It’s been five days since my last post, and eight days since the onset of a doozy of a chest cold. I’ve spent no more than an hour in the garden any day for the last week, not enough! Three days ago, my zucchini plant looked great with several fresh new leaves, blooms and zucchinis growing. However, when I looked out on Friday, it was wilted. Since it has not been that hot, I was worried. I posted this photo on my Facebook page on Friday.

Witted Zucchini

Witted Zucchini on Friday

The other vine, coming from the same plant, looked fine.

Zucchini Wilt on One Vine

Zucchini Wilt on One Vine

I had recently been treating the powdery mildew with 10% milk in water solution, and it seemed to be doing well. But, I also added some compost around the base and changed the watering a bit. There is such a thing as water wilt, but, it should have perked back up by the next day. Today, it looked worse.

Zucchini Bacterial Wilt

Zucchini Bacterial Wilt

Though I never saw one in my garden, striped and spotted cucumber beetles are carriers of a bacterium (Erwinia tracheiphila) – it overwinters in their gut – and this bacterium will turn the vines to mush. It cannot be controlled with pesticides (which I wouldn’t use anyway). First the leaves wilt, then the developing squash turn to mush. When I lifted the vine to see what condition it was in, it easily came away in my hand. The whole middle was mush. I read that, first, one vine gets hit and then it spreads. The only thing to do is get rid of the whole plant. Which I did.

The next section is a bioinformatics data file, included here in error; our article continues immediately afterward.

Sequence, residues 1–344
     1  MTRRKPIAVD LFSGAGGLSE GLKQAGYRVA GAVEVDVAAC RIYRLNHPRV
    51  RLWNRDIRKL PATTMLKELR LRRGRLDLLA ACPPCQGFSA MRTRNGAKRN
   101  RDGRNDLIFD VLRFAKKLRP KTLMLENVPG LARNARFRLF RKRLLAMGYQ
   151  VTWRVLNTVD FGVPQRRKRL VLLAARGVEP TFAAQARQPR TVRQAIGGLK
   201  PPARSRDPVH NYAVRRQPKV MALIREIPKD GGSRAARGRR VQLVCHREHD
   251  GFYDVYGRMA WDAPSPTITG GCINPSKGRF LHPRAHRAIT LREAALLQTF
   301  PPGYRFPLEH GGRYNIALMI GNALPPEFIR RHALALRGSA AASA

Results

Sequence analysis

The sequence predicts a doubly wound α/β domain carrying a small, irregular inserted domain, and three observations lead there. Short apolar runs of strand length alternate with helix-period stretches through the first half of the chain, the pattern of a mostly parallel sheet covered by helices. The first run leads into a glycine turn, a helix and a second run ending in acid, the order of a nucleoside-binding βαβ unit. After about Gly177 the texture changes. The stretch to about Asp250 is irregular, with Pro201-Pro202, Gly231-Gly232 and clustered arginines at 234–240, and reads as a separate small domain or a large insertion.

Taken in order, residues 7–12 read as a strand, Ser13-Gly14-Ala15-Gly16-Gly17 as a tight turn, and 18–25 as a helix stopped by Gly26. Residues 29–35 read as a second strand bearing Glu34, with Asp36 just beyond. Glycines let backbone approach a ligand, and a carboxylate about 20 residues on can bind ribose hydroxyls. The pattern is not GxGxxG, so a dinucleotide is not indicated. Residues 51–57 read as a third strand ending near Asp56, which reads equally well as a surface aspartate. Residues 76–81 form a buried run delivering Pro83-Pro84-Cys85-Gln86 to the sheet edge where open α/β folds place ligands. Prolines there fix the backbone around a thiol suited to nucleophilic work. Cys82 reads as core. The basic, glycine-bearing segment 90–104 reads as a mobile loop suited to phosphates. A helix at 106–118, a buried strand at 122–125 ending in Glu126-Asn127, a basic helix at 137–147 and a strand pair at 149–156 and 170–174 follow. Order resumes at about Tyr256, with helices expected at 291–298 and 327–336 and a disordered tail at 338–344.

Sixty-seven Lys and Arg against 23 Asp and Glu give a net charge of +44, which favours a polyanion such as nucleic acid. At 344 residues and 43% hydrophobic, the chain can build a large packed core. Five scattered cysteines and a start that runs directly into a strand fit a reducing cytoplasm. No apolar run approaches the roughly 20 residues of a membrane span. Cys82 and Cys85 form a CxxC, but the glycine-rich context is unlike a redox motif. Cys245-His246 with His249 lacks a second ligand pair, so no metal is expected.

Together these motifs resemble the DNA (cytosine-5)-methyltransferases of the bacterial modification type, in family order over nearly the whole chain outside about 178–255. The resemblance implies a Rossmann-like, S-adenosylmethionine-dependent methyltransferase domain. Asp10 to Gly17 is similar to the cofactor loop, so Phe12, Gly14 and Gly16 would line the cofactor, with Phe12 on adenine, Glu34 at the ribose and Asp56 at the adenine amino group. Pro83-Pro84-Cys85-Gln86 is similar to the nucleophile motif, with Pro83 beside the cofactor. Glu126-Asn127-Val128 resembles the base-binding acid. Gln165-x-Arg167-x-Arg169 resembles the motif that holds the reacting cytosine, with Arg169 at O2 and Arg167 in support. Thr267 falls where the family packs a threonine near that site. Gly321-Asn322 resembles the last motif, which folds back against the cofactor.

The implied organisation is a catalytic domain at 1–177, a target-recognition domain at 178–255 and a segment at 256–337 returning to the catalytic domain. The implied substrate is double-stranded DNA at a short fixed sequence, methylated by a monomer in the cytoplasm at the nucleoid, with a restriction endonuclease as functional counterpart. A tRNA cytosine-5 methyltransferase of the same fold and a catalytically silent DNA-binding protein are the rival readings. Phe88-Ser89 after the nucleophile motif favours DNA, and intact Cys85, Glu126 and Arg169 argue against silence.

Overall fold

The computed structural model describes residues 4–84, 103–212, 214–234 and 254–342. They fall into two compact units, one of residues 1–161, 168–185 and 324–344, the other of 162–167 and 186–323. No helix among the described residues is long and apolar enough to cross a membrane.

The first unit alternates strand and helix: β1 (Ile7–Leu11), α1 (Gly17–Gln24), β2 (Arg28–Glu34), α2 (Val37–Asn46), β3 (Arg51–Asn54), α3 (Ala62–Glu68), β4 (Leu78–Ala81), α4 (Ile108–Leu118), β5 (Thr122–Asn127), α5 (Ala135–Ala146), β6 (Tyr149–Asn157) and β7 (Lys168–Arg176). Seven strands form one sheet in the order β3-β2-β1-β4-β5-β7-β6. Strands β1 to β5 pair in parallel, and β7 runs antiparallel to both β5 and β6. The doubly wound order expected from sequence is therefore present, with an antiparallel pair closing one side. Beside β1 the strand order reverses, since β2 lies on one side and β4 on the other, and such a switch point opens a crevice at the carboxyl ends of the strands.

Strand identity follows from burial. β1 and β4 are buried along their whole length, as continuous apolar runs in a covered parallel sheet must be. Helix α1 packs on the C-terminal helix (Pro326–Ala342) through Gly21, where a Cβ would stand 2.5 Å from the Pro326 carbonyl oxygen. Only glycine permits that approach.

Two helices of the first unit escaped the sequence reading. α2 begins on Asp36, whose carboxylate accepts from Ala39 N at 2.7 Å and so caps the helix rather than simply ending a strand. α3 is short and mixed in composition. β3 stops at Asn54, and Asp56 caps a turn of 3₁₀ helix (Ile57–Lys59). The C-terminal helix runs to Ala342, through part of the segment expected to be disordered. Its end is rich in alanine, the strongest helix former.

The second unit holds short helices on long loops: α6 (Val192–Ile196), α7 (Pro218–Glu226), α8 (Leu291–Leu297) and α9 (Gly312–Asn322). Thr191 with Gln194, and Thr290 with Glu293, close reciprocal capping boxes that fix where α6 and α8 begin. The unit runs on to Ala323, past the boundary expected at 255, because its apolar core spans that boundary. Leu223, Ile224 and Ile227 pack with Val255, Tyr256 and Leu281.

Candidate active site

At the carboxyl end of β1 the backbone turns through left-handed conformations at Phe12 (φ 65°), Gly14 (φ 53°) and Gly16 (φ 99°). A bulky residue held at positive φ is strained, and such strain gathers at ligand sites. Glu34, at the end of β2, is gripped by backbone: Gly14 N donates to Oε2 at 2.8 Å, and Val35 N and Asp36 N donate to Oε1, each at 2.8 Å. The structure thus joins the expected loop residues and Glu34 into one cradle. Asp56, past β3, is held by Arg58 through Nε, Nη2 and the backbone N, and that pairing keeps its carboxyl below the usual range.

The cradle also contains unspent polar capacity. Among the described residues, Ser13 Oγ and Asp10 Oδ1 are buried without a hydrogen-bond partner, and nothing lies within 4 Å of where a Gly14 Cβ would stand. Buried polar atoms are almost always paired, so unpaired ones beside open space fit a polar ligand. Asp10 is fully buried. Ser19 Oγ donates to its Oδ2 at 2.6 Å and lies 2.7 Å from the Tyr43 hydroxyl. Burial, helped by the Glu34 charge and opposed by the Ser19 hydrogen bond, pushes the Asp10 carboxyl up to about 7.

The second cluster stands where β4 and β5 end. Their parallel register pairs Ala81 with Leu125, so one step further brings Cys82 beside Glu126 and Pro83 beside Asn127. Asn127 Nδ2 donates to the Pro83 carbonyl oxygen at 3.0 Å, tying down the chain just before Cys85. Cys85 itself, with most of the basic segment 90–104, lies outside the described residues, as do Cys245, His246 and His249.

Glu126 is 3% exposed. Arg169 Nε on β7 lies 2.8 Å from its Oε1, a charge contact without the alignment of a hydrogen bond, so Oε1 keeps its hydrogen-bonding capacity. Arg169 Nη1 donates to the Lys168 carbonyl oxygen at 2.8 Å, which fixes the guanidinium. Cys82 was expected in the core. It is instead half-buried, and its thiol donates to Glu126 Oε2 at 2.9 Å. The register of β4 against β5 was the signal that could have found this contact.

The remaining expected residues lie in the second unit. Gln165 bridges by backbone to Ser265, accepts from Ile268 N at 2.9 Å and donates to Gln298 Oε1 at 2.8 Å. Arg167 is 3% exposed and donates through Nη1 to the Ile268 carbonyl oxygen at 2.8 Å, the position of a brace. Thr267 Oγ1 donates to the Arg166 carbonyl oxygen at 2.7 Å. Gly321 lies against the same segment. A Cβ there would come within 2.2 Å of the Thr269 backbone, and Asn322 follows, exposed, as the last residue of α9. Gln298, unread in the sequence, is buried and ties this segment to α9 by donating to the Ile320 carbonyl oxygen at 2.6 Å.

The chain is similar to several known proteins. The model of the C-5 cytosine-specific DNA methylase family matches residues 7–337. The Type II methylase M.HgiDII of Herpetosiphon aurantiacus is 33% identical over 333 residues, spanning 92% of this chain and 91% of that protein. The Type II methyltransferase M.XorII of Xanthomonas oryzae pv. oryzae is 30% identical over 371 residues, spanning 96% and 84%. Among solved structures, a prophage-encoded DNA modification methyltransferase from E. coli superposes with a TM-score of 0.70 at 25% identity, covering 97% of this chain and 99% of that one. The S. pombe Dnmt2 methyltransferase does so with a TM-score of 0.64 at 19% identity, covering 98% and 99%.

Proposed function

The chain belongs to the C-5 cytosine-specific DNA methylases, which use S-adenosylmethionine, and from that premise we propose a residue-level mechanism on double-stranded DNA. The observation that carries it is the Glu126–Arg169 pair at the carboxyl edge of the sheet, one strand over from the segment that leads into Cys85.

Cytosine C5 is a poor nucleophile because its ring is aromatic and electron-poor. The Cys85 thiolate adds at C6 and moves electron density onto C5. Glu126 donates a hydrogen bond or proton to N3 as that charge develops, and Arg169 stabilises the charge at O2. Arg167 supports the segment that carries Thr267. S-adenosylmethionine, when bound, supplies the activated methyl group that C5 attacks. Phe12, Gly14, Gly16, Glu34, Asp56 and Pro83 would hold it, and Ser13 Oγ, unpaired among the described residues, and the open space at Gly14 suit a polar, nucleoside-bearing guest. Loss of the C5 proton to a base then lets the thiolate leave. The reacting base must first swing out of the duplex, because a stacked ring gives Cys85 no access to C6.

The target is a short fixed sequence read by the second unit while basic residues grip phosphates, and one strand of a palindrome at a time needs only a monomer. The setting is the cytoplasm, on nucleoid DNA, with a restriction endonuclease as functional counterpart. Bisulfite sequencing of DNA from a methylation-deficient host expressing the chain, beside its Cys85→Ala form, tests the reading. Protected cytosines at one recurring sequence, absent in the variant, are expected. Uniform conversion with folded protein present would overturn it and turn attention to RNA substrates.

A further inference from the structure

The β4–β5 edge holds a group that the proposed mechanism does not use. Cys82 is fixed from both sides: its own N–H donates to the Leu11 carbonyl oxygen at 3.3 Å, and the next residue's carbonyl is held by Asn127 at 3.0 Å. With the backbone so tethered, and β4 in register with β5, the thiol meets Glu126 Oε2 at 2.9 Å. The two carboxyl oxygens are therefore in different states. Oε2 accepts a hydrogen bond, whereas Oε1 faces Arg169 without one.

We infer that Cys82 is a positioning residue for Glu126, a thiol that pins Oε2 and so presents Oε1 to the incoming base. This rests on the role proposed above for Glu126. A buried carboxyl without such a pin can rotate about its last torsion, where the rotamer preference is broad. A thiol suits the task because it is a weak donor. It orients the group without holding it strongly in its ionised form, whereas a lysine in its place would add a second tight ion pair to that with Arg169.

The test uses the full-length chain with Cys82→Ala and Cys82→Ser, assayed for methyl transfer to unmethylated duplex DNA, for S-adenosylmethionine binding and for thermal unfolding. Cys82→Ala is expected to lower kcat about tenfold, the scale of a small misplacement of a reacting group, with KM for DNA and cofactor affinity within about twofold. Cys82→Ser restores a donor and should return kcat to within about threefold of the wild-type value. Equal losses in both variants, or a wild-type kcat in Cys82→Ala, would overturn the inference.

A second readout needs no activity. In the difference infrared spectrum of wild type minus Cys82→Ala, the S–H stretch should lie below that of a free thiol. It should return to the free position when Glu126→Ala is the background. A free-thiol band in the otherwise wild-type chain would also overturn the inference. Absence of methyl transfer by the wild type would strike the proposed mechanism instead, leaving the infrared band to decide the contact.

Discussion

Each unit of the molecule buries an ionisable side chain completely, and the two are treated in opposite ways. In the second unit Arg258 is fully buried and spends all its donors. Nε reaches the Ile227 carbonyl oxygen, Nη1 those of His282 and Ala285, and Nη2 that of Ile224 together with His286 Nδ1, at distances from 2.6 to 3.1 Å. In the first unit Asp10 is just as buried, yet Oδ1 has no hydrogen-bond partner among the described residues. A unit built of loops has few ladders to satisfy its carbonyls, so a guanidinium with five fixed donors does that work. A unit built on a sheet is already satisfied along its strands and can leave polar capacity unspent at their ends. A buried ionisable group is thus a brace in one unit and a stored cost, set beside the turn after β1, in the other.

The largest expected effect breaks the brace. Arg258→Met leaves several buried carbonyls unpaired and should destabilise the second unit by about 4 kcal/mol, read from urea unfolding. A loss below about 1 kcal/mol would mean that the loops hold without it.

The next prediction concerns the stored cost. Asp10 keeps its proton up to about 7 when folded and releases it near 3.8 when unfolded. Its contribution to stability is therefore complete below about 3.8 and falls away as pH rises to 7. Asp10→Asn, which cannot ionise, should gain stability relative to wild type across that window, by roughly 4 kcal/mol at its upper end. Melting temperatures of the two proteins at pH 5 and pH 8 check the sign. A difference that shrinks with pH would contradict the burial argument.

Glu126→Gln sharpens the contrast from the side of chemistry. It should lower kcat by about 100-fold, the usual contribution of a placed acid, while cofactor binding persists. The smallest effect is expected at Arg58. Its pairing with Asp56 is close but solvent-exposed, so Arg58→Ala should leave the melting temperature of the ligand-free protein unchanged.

Zucchini Vine with Bacterial Wilt

Zucchini Vine with Bacterial Wilt

It was a shame, because I had a lot of fresh leaves and blooms opening. I love this sight!

Young Zucchini Leaves

Young Zucchini Leaves

I cut off all the developing zucchinis and juiced them. This was the last of my illustrious zucchini made famous in “Zucchini Madness,” the 17th episode of “Late Bloomer!

The Last Zucchini Harvest

The Last Zucchini Harvest

I’m sad to see my zucchini go, and truthfully, I don’t know if I will try zucchini again next year, because it requires a lot of space, and is so susceptible to powdery mildew where we live. But, February is a long way off, so I shall see how I feel then. Thanks for stopping by!

Please visit my Facebook page for tons of interesting articles related to gardening, farming, raw foods, all over the world. I am encouraging a world-wide audience for “Late Bloomer.” (Unfortunately, I can only speak and write English!) – Kaye